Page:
For these rankings, I utilize a statistical technique called Bayesian Updating to solve the sample size issues. It is a method PFF has used many times in the past, notably when we looked at a number of different draft classes and why the New York Jets needed to draft a quarterback in 2021.
With Bayesian Updating, we can use the dynamics of the historical quarterback market and individual results to project their PFF grades and expected points added (EPA) per play. Even in a single season, there can be drastic differences in sample sizes for quarterbacks. This means that comparing unadjusted rate stats side by side can give too much credit to those who aren’t a big part of their offense and too little credit for those who dominate as their team’s No. 1.
You can find details of how Bayesian Updating is implemented here, including a primer on how we build a posterior belief (or projection) based on historical quarterback results and then update the beliefs (projections) for each quarterback with their actual NFL results on a play-by-play basis.
Before I dive straight into the PFF analytical quarterback rankings, I’ve provided some visualizations to give proper context to how these quarterbacks performed in PFF grade and EPA per play and some important data splits that show the potential for regression moving forward.
Patrick Mahomes was the clear leader in EPA per play for Week 1, but his grading was a bit lower. While Mahomes executed high value plays consistently, he was missing bigger downfield throws that pump up the grading, and also had a turnover-worthy throw in the end zone that didn’t end up an interception. Josh Allen was the best when looking across both categories, posting a 91.5 grade a the second-best efficiency.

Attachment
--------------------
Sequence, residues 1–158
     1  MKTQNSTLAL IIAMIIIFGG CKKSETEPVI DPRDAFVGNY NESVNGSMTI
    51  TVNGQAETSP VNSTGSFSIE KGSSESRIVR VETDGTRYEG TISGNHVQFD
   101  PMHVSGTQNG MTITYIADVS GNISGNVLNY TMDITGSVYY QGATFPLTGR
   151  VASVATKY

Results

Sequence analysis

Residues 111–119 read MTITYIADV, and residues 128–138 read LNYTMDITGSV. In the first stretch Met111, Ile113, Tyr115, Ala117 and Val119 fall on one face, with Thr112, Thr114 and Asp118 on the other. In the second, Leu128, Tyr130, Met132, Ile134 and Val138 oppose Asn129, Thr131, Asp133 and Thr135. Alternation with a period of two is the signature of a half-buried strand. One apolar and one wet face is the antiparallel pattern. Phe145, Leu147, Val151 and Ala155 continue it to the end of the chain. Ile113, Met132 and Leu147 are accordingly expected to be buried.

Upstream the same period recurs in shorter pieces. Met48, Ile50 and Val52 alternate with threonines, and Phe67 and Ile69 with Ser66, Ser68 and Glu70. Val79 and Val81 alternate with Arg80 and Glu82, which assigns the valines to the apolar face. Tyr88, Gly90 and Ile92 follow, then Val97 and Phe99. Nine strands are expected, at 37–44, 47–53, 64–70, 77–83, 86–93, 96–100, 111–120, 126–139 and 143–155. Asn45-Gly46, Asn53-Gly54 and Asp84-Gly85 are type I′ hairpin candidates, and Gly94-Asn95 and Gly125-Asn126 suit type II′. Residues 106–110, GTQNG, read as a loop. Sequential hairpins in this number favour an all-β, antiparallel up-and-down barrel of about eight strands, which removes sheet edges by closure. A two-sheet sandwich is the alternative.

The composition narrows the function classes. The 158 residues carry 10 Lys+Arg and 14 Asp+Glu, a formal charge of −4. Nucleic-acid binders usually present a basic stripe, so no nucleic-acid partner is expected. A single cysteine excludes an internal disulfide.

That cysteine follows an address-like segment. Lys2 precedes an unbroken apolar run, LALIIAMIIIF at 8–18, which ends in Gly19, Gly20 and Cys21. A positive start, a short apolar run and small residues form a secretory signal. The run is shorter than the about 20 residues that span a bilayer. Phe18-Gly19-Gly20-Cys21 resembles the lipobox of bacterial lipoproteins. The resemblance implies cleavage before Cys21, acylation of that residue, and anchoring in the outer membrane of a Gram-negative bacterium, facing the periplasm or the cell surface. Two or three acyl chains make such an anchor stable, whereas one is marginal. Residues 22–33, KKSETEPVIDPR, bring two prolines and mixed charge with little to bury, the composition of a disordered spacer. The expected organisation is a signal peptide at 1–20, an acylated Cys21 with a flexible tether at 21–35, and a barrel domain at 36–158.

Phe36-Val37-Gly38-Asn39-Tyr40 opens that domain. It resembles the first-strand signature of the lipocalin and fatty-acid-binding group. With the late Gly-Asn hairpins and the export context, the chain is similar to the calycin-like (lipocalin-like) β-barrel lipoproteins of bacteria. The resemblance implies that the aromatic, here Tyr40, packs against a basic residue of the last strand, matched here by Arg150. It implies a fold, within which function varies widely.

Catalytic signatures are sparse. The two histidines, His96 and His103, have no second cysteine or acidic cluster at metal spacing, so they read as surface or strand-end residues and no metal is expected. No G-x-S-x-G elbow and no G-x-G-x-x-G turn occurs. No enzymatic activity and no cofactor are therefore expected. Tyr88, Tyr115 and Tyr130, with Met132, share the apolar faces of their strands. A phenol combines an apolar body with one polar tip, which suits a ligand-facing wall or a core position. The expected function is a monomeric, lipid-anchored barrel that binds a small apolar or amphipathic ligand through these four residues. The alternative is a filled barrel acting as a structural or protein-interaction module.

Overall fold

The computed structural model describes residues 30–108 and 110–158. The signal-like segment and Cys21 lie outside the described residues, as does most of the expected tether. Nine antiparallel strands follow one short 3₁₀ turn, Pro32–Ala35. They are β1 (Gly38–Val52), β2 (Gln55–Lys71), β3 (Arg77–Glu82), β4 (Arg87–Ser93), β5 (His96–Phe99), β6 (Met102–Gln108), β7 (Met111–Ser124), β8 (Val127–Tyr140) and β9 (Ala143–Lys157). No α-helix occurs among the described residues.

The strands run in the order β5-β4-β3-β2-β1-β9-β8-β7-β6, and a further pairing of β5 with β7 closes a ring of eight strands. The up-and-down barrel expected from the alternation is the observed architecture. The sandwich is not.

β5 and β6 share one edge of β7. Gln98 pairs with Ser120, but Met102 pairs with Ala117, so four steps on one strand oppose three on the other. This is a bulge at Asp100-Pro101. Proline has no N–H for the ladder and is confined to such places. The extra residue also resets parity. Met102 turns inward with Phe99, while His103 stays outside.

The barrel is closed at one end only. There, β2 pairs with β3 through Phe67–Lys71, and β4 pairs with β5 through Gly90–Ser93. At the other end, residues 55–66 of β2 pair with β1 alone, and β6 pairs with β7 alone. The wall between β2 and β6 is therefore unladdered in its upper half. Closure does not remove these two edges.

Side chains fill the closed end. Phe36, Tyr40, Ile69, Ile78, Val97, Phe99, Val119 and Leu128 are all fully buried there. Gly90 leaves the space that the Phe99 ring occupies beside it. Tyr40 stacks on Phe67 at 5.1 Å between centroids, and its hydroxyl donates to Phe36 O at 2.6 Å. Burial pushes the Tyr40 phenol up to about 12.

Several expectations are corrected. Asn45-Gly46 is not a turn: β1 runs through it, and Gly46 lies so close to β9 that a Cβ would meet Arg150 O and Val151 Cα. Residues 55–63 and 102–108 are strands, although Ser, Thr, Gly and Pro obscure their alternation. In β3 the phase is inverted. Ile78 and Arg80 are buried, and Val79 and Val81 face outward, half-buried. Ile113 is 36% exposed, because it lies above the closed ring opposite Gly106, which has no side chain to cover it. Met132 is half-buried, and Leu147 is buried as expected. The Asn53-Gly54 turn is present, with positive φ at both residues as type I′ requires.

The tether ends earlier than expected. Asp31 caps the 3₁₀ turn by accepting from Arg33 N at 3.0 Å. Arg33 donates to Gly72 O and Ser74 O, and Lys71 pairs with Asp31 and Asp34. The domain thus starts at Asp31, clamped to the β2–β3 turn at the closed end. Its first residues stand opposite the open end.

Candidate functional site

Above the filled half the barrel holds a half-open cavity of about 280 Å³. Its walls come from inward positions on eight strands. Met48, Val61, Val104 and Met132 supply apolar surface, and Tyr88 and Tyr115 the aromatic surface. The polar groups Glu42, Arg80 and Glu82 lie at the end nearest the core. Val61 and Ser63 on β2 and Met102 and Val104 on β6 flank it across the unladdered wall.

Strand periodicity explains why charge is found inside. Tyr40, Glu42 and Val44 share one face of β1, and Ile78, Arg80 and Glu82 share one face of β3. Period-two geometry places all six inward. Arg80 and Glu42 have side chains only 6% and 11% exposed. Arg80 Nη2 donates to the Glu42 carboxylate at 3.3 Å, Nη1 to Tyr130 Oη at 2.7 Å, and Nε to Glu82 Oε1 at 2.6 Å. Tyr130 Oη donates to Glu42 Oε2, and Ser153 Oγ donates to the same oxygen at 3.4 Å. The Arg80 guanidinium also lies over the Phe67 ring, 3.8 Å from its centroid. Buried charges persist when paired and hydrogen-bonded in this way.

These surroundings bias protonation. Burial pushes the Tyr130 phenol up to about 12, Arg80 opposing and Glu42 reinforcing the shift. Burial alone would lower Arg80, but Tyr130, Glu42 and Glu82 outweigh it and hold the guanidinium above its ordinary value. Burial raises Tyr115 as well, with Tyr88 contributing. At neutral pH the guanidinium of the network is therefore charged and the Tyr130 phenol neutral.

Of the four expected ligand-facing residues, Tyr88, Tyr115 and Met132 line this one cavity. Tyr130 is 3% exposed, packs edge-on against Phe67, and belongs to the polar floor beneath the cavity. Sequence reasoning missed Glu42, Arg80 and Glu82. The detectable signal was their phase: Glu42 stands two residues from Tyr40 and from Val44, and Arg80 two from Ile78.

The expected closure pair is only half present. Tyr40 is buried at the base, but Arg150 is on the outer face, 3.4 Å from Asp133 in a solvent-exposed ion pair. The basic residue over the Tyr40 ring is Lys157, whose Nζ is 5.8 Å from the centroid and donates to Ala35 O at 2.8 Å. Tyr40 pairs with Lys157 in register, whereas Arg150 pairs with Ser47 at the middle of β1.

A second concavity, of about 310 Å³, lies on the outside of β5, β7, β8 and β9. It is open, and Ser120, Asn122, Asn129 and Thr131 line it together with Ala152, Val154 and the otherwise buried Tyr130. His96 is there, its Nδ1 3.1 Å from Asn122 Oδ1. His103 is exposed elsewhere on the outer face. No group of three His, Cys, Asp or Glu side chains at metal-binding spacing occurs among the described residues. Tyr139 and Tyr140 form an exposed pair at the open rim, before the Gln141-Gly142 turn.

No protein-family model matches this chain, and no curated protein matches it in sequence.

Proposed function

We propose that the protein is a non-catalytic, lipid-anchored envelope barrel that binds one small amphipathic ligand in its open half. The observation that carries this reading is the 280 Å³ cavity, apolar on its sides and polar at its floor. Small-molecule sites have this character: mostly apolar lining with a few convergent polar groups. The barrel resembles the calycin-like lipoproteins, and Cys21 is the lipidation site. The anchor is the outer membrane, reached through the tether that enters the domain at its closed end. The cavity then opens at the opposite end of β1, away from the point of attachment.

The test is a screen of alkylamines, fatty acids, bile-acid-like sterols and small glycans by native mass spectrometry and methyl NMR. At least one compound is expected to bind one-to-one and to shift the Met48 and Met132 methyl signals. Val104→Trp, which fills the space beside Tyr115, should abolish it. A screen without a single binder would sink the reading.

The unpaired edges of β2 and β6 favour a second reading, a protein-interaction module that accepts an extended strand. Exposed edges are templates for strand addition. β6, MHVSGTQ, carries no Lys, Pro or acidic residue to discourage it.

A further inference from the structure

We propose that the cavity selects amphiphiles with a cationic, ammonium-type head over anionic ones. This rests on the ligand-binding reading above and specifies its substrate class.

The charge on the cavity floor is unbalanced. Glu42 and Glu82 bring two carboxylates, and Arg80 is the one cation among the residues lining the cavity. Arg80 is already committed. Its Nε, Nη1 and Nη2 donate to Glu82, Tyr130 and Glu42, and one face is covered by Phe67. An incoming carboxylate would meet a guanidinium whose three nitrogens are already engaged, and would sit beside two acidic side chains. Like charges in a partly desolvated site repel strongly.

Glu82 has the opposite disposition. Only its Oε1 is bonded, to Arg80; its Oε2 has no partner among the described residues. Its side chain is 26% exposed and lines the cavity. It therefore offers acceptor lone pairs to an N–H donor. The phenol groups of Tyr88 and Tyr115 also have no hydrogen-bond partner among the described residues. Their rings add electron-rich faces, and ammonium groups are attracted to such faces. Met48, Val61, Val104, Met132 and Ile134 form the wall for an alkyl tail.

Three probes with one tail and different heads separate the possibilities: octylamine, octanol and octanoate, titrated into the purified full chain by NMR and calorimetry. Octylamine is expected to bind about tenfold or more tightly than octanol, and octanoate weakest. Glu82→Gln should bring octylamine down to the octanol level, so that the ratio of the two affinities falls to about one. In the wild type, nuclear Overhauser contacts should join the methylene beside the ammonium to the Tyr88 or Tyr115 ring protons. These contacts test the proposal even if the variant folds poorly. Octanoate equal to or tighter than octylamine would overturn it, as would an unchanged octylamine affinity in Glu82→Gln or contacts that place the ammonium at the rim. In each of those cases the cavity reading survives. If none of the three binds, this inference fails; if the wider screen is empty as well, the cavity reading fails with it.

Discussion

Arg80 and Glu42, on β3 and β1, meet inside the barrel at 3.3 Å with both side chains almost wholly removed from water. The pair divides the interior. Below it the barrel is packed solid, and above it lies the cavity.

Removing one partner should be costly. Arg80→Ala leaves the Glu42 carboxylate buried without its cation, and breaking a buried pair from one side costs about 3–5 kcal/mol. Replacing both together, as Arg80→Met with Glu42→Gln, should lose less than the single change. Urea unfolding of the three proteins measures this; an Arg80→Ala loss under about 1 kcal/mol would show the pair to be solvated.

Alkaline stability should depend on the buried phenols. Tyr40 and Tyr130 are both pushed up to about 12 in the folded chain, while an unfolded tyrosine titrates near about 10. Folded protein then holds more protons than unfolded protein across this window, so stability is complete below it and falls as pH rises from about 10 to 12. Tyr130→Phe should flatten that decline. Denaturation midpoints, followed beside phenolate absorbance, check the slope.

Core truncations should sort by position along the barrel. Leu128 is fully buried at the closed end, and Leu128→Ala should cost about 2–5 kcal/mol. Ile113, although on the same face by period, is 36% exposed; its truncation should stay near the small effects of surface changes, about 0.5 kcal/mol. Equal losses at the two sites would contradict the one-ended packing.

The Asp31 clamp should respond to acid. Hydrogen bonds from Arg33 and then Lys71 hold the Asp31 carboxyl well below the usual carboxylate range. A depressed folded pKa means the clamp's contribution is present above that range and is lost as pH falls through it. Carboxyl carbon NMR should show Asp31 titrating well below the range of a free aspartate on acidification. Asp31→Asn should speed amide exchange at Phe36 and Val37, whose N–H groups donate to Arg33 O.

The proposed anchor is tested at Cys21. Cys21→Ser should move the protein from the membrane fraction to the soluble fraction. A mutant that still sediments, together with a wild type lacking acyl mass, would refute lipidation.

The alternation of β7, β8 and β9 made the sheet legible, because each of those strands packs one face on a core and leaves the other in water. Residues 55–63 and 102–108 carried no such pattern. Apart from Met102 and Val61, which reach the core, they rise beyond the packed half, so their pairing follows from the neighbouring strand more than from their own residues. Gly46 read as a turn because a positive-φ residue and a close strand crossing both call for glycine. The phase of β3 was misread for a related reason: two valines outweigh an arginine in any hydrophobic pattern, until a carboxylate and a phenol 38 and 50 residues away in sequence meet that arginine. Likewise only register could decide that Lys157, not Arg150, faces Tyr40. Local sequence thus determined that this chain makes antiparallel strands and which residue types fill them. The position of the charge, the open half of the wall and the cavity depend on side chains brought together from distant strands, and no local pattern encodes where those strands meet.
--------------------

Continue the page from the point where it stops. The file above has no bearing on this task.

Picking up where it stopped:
Quarterbacks whose efficiency most exceeded our grading were Russell Wilson, Justin Fields, Baker Mayfield and Tua Tagovailoa. On the flip side, Matthew Stafford, Aaron Rodgers and Daniel Jones graded much better than their expected-points-based efficiency.
One of the biggest drivers of overall EPA efficiency is quarterback performance on third and fourth down. The reason these plays have such a large impact is that the upside for conversions is tremendous. Third-and-medium or third-and-long plays determine whether a team needs to punt and essentially turn the ball over or settle for a field goal rather than pushing forward for a touchdown.
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